Moreover the goods of subjects may both be seized and acquired, not only for the exaction of the original debt which gave rise to the war, but also for the exaction of indebtedness which, develops subsequently; this is according to what we said at the beginning of this book. In such a sense we must take what certain theologians write, that captures in war are not to be set off against the principal debt; for it is to be understood that such captures are an offset up to the point where, according to a sound judgement, satisfaction has been obtained for the loss occasioned by the war itself.
Thus in the dispute with Antiochus the Romans, as Livy relates, held it to be just that the king should pay all the expense which had been incurred for the war,’ since it was through fault of his that the war had arisen. In Justin is the phrase, ‘ ready, according to a just law, to assume the expenses of the war.’ In Thucydides the Samnians are condemned ‘to pay the expenses of the war.’ And so, frequently, in other instances. However, what is justly imposed upon the conquered may also be justly exacted by a war.
IV. In this matter it is an obligation of humaneness not to make the fullest use of one’s right.
1. But we must keep in mind that which we have recalled elsewhere also, that the rules of love are broader than the rules of law. He who is rich will be guilty of heartlessness if, in order that he himself may exact the last penny, he deprives a needy debtor of all his small possessions; and even much more guilty if the debtor has incurred the debt by his goodness-for instance, if he has gone surety for a friend-and has used none of the money for his own advantage, ‘ for,’ as Quintilian the Father says, ‘ the peril of a bondsman is worthy of commiseration.” Nevertheless so hard a creditor does nothing contrary to his right according to a strict interpretation.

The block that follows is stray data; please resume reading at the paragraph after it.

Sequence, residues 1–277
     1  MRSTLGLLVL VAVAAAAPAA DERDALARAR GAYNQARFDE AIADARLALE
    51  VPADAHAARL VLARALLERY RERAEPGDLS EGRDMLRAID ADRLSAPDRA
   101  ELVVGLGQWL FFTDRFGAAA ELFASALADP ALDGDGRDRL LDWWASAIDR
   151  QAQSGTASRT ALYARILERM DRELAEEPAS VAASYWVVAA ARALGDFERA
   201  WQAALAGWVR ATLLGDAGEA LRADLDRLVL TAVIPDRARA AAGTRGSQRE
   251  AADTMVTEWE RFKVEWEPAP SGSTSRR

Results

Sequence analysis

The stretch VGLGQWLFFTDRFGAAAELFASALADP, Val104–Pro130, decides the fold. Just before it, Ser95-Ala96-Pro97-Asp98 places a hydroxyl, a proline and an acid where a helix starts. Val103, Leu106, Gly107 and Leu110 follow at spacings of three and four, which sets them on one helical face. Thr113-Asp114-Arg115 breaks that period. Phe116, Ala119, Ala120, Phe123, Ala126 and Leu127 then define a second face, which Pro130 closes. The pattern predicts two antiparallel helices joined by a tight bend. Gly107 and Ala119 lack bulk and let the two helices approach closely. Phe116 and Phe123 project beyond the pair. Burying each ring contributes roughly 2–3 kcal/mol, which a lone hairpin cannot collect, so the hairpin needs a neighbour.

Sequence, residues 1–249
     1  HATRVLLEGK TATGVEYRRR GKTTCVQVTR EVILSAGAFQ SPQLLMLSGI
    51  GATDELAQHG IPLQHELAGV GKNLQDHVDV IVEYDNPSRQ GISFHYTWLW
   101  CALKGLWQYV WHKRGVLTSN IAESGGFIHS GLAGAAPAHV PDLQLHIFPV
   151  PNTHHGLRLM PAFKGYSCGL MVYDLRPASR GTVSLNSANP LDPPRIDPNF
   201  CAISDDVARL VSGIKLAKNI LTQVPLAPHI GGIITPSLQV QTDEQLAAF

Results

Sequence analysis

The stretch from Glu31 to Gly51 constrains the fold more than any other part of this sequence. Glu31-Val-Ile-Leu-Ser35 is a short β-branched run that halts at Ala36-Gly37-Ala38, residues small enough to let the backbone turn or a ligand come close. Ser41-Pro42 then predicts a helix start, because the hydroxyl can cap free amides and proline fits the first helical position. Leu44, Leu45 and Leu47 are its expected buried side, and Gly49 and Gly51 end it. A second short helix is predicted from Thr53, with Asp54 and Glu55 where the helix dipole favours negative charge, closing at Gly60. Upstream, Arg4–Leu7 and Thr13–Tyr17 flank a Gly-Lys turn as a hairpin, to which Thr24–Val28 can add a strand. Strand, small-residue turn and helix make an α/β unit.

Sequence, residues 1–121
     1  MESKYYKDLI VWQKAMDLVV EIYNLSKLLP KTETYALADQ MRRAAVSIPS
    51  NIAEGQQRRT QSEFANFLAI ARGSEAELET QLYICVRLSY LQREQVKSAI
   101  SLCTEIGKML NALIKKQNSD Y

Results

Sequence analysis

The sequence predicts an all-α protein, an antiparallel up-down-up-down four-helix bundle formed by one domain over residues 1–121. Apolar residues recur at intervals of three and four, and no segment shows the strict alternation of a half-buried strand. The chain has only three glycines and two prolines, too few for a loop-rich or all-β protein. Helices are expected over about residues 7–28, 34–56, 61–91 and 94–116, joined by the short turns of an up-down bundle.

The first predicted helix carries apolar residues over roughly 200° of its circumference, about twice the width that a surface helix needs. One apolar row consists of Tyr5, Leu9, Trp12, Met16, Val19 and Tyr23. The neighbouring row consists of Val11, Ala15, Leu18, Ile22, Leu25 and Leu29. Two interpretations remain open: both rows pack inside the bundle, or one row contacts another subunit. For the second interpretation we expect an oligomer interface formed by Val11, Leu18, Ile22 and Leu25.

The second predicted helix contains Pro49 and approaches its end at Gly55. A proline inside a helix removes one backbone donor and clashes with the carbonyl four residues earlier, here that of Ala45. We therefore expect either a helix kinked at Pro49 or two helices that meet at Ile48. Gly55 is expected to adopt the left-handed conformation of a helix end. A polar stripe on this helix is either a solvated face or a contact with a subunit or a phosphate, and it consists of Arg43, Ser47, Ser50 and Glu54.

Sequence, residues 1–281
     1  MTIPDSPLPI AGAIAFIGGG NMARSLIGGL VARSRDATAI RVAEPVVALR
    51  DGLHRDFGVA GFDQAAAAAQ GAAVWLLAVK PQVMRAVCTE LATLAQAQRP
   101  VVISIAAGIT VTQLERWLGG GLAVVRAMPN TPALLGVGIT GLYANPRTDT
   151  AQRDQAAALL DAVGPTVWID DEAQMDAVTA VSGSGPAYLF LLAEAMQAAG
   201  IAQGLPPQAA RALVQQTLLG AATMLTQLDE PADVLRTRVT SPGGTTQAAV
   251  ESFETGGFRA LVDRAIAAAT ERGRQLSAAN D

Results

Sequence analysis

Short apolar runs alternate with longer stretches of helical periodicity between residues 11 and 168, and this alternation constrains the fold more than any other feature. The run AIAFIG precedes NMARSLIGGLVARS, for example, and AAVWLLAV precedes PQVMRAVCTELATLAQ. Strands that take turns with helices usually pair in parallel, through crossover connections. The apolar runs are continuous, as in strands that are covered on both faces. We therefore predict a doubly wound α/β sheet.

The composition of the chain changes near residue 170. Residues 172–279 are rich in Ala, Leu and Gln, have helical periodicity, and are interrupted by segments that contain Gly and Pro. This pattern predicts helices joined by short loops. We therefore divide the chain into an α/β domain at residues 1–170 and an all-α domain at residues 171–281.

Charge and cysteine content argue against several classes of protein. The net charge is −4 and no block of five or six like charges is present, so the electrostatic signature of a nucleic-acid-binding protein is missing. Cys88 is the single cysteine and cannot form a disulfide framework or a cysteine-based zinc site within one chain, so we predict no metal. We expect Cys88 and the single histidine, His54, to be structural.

2. Therefore humanity requires that we leave to them that do not share in the guilt of the war, and that have incurred no obligation in any other way than as sureties, those things which we can dispense with more easily than they, particularly if it is quite clear that they will not recover from their own state what they have lost in this way. Here applies what Cyrus said to his soldiers after the capture of Babylon: ‘What you have, you will hold not unjustly; but if you do not take away anything from the enemy that will be an evidence of your humanity.’
3. This also is to be observed. The right over the goods of innocent subjects has been introduced as a subsidiary means; and as long as there is hope that we can obtain what is ours with sufficient ease from the original debtors, or from those who by not rendering justice voluntarily make themselves debtors, to come to those who are free from blame, even though it is granted that this is not in conflict with our strict right, nevertheless is to depart from the rule of human conduct.
4. Instances of such humanity are found everywhere in history, particularly in the history of Rome. Examples are when lands have been ceded to the conquered enemy on the condition that they should pass to the state, that is, that they should fall to the conquered state; or when a part of the land was left to the ancient possessor I as a mark of respect. Thus Livy records that the inhabitants of Veii were penalized by Romulus with the loss of part of their land. Similarly Alexander the Macedonian granted to the Uxii under tribute the lands which they had possessed.
So you may often read that surrendered cities were not sacked; and we have said above that it is praiseworthy, and in accordance with the pious precepts of the canons, to spare not only the persons, but also the property, of the tillers of the soil, subject at any rate to tribute. Upon condition of a similar tribute, immunity from war is usually granted to merchandise also.